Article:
Ten years ago, Sharon Jones tried out for a spot as a backup vocalist in David Byrne's touring band. Before she even opened her mouth, Byrne's people rejected her—in her early 30s, Jones was already too old.

"And here it is, I'm 51 now and he wants me on his new album," says the Georgia-born, Brooklyn-raised singer, on her way to Manhattan to meet Byrne at his studio. "I'm going to finish the song and then I'm going to let him know. I can't wait to tell him that story."

The story is more telling than she realizes: 2007 has brought validation not just for Jones, but for vintage soul in general. "Vintage soul," in this case, refers to modern bands, fronted by female singers of a certain age, making old-school dance music with sweat and horns and carnal rhythms. Like Jones and the Dap-Kings, who just released their third album, 100 Days, 100 Nights. And like Nicole Willis and the Soul Investigators, the Helsinki-based outfit helmed by the 43-year-old Willis, whose Keep Reachin' Up came out in July on Seattle's Light in the Attic Records. This year, both groups found critical acclaim in the New York Times, Pitchfork, and NPR, boosting their already significant cult followings. David Byrne isn't the only one changing his mind about the value of longevity.

For better or worse, Amy Winehouse has a lot to do with it. At the beginning of 2007, before being convicted of first-degree trainwrecking in the court of popular opinion, the British vocalist made a huge impact with Back to Black. Winehouse blew her sultry, gale-force vocals over classic soul samples for a smart, hiphop-inflected update that eventually went platinum. The album proved the appeal that old soul holds for young audiences. And when it came time to take it to the stage, Winehouse's record label enlisted the Dap-Kings to be her backing band.

Around the same time, fellow Brit singer Joss Stone released her third, eponymous album, also destined for platinum status, as was Christina Aguilera's Back to Basics (a title, like Winehouse's, angling for retro cred), released in mid-'06. All three women owe a major debt to the groove-grinding bands and barrel-chested singers of the mid-'70s black music underground. Their music is richer, dustier, and more organic than the airy, polished sheen of most current soul and R&B. It's a turn of justice—long believed extinct in the world of pop music—that the masses are catching on to Jones and Willis. The pair is closer to the source of contemporary pop's classic soul infatuation than anyone but the originators.

"It's practically unheard of," says Light in the Attic co-owner Matt Sullivan. "I can't think of any other people Sharon's age that have had the newfound success after years and years of doing it." Jones and Willis are the antithesis of the sleazy starlets manufactured overnight out of adolescent male fantasies and tabloid-baiting crotch shots. If there's any shred of authenticity left in pop, they own it.

Along with their pedigree, the other major asset that Jones and Willis share is their backing bands—both are whip-tight and expertly studied, breezing second-naturedly through the time-tested idioms of hard funk, Southern R&B, psychedelic soul, disco, and big-band pop. The Soul Investigators, for example, are surely the swingingest band in Scandinavia. Willis's Finnish multi-instrumentalist husband Jimi Tenor leads and produces; the band sparkles with clean guitar tones, brisk horn and flute flourishes, churchy organ, and a thrumming rhythm section. Considering Light in the Attic's penchant for reissuing classic albums, it's easy to assume the music is decades old. Close listening reveals the subtle, dubby flourishes of modern production; the Soul Investigators are comfortable with soul music of any era, as long as it's got a groove. That timelessness makes Keep Reachin' Up the year's best soul album.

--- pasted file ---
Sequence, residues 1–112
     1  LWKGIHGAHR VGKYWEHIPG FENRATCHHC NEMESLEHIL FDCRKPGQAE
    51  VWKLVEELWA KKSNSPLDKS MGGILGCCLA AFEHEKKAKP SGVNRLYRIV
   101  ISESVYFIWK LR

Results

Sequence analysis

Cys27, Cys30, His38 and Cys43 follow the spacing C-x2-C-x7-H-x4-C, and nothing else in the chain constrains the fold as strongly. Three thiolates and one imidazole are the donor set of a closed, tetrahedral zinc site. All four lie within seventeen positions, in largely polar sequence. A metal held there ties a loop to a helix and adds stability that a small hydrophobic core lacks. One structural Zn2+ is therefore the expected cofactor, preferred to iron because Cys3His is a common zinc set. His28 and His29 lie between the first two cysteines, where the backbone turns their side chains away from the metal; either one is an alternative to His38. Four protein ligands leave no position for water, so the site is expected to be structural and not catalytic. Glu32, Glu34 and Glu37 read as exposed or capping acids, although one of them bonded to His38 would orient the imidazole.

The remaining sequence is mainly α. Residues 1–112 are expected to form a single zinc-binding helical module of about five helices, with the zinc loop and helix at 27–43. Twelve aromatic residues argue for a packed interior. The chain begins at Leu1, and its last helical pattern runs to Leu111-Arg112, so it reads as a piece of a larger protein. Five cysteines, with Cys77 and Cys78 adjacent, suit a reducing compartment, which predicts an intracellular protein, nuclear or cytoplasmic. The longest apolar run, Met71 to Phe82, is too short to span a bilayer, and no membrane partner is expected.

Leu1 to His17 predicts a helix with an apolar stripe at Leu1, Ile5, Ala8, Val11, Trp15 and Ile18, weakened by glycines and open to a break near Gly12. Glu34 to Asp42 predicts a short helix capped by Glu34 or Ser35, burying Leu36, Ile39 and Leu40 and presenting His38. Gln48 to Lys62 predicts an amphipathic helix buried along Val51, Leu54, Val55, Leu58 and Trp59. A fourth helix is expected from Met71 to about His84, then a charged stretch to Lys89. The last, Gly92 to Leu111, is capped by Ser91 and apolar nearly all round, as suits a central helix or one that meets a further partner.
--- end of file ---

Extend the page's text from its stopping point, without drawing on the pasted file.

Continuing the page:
The Dap-Kings provide the James Brown grit to the Soul Investigators' Curtis Mayfield loftiness. Ferociously falling on the one—the first beat of the bar, the funk beat—they swing hard by directive: The band evolved alongside Desco Records, a Brooklyn-based label from the mid-'90s obsessed with re-creating vintage funk with modern musicians. Desco only released vinyl 7-inches by artists like Lee Fields (an old-school screamer in the James Brown mold), the Daktaris (the band that eventually morphed into Afrobeat phenoms Antibalas), and Sugarman Three (a boogaloo organ trio à la Jimmy Smith). Desco's owners recruited Sharon Jones to sing on a single in 1996; she was a corrections officer and freelance wedding singer at the time. The label folded in 2000 and was reborn a year later as Daptone, which still obsesses over funk music made yesterday that sounds 40 years old. The Dap-Kings are the label's house band and Jones is now a partner in Daptone Records. Thanks in part to Jones's music, the label is turning a profit for the first time.

Because of Jones and the Dap-Kings' ceaseless touring, they're recognized as the prevailing force in vintage funk around the world. They've developed a bigger following in Europe than America (Europe always gets on board the soul train before we do), but that's about to change now that Jones has a foot in Oprah Winfrey's door. Jones recorded several songs and performed a minor role in the upcoming The Great Debaters, a film about a 1930s black collegiate debate team starring Denzel Washington and produced by Winfrey's Harpo Films. It's only a matter of time before America's preeminent tastemaker brings Jones and the Dap- Kings onto her show.

"I'm just grateful," Jones says. "I think they deserve me now. I mean, earlier they didn't want me—I was told I was too dark-skinned, too short, too old, too fat. I'm still dark-skinned, I'm much older, I'm still pleasantly plump, I'm still short—I don't think I've grown. But it's just my time now, you know? That's how life goes."

Not always. But when miracles happen, they're always good for the soul. recommended